On September 1, the Allahabad High Court quashed the detention of Dr Kafeel Khan by the Uttar Pradesh government under the National Security Act. In a brief but tough order, the High Court held that both the original order of detention in February and the subsequent two extensions of the detention were unsustainable in law.

Khan had shot to fame during in 2017, when 63 children died in August in the government hospital in which he was working in Gorakhpur. The deaths occurred after a contractor stopped supplying oxygen to the facility. The media reported that Khan had spent his own money to obtain oxygen cylinders for the hospital. But the Uttar Pradesh government denied that the babies had died due to a lack of oxygen. Instead, Khan was charged with medical negligence, corruption and dereliction of duty and jailed.

On his release in April 2018 after nine months in jail, Khan became a vocal critic of the Adityanath-led Uttar Pradesh government on various matters. In January this year, the Aligarh police filed an First Information Report against him for making a speech at Aligarh Muslim University against the backdrop of the protests against the controversial Citizenship Amendment Act that the authorities claimed was inflammatory. On January 29, he was arrested in Mumbai by the Uttar Pradesh police and taken into custody.

On February 10, the court ordered him to be released, despite the Uttar Pradesh administration vehemently opposing his bail plea. The police did not let him out of jail for two days, forcing the court to pass another release order. In the meantime, the administration quickly moved to detain him under the National Security Act on February 13.

Detention quashed

On September 1, after Khan had been in jail for nine months, the Allahabad High Court quashed the original detention and the subsequent extensions. In its order, the court reproduced Khan’s entire speech delivered in December and declared that it found nothing in it that could disturb public order, the fundamental charge used by the Uttar Pradesh government to keep him in jail.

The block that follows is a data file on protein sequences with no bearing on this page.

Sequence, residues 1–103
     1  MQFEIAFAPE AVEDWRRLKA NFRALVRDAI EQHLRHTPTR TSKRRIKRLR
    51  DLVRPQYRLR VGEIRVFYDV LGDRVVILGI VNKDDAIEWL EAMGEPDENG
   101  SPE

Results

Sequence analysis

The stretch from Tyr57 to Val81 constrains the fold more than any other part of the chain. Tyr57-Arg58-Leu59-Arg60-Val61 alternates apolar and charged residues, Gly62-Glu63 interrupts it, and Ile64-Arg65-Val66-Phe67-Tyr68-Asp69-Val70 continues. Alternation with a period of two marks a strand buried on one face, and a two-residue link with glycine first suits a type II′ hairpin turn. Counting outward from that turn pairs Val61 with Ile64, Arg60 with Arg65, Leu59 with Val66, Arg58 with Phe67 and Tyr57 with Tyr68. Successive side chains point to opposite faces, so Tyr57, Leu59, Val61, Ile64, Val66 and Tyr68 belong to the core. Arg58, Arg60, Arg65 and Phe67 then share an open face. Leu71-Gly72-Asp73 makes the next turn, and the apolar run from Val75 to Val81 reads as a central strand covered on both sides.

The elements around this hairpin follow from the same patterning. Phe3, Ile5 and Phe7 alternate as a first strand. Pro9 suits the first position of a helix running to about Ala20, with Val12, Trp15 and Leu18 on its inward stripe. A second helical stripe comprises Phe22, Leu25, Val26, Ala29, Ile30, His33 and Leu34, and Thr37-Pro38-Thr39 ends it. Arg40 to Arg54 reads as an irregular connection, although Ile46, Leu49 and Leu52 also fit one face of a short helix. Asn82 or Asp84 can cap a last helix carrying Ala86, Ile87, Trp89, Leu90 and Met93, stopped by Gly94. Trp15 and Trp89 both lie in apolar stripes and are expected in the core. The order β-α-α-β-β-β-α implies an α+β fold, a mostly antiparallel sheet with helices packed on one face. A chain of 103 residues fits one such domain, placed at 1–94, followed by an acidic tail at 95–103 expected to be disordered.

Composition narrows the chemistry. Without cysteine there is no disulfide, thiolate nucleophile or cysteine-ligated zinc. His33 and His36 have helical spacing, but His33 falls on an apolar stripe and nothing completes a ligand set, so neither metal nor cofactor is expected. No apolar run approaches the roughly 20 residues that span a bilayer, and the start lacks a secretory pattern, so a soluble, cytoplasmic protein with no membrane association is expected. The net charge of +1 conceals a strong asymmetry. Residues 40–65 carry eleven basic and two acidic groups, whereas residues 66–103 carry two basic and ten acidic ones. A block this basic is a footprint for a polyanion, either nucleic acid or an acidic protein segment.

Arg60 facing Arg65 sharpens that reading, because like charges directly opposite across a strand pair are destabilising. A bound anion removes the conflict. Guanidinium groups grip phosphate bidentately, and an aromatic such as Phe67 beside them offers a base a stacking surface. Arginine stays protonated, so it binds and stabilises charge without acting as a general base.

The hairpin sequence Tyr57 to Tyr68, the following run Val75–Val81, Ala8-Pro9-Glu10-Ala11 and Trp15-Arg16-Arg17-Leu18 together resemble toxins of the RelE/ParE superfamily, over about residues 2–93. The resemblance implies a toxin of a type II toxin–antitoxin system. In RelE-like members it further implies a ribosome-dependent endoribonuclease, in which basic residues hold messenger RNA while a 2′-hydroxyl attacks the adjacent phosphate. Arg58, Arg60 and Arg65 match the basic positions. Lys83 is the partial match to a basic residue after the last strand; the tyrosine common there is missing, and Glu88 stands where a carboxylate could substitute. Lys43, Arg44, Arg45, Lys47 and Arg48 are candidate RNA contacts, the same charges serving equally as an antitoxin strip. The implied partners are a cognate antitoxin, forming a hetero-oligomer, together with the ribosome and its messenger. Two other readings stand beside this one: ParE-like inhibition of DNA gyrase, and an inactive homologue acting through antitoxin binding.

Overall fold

To keep Khan in jail, the Uttar Pradesh police tried every trick in the book, including denying him records of the detention that would have allowed him to mount an effective judicial challenge.

The incarceration of Khan for months under the National Security Act is only one of hundreds of cases across India in which those seen troublesome by the governments are put behind bars for an extended period, bypassing regular criminal process.


The National Security Act is a successor to preventive detention laws that were framed by the colonial British administration in the 19th century. In a sense, the Act, passed in 1980, is a direct successor to the Maintenance of Internal Security Act used extensively during the Emergency to put political opponents in jail.

Over the last few years, the National Security Act has been invoked even in cases where no real threat to public order has emerged. It is to be noted that there is a marked different between a “public order” problem and a “law and order” problem. Public order, as per the Supreme Court, has wider ramifications as it allows restrictions to fundamental rights to be invoked. A phenomenon is a public order disturbance when the scale of the disturbance is wide and genuinely jeopardises public peace and tranquility.

In recent times, the National Security Act has been invoked against those suspected of cow slaughter and even for individual acts of statue desecration, as had happened in Tamil Nadu in July when saffron paint was thrown on a statue of Periyar . Between June 2017 and September 2018, the Uttar Pradesh government had used the same Act to keep Bhim Army chief Chandrashekar Azad in jail without trial.

The police use the National Security Act because it allows for long periods of detention without trial and suspends important rights of the accused, including the right to legal representation and immediate information about the cause of the arrest.

Mild opposition

While there has been sporadic criticism of the detention law based on individual cases, political opposition has been mild because even state governments find the National Security Act useful to keep a check on political opponents. Commentators have often pointed that the courts have also been lax in striking down detentions under this law. Even in Khan’s case, the courts took nine months to remedy a detention that was clearly politically motivated and arbitrary.

The National Security Act has to be dealt with on two fronts. Ideally, it should be repealed. Failing that, political parties could at least seek more checks and balances on the use of the law, which can only happen through Parliament. Second, the higher judiciary should treat preventive detentions as most urgent cases and not allow the state to use the lethargy in the criminal justice system to continue a person’s incarceration.

Most importantly, there has to be strict punishment imposed on officials for using the preventive detention law arbitrarily. This can happen only if the clauses that bestow a high degree of discretion on the officials are withdrawn.